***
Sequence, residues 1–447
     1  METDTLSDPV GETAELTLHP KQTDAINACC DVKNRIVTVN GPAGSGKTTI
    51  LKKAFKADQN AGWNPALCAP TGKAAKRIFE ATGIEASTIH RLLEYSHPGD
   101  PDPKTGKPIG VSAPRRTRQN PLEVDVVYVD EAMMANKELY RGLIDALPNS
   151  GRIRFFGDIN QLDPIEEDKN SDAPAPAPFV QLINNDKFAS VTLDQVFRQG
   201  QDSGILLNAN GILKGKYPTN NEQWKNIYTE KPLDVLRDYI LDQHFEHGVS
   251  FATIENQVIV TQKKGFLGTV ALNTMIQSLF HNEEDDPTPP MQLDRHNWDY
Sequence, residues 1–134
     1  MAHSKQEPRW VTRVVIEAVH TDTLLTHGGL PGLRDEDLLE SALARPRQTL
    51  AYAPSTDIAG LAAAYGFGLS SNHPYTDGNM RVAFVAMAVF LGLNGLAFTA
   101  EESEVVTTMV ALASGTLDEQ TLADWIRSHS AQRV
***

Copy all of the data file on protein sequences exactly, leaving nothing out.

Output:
Sequence, residues 1–447
     1  METDTLSDPV GETAELTLHP KQTDAINACC DVKNRIVTVN GPAGSGKTTI
    51  LKKAFKADQN AGWNPALCAP TGKAAKRIFE ATGIEASTIH RLLEYSHPGD
   101  PDPKTGKPIG VSAPRRTRQN PLEVDVVYVD EAMMANKELY RGLIDALPNS
   151  GRIRFFGDIN QLDPIEEDKN SDAPAPAPFV QLINNDKFAS VTLDQVFRQG
   201  QDSGILLNAN GILKGKYPTN NEQWKNIYTE KPLDVLRDYI LDQHFEHGVS
   251  FATIENQVIV TQKKGFLGTV ALNTMIQSLF HNEEDDPTPP MQLDRHNWDY
Sequence, residues 1–134
     1  MAHSKQEPRW VTRVVIEAVH TDTLLTHGGL PGLRDEDLLE SALARPRQTL
    51  AYAPSTDIAG LAAAYGFGLS SNHPYTDGNM RVAFVAMAVF LGLNGLAFTA
   101  EESEVVTTMV ALASGTLDEQ TLADWIRSHS AQRV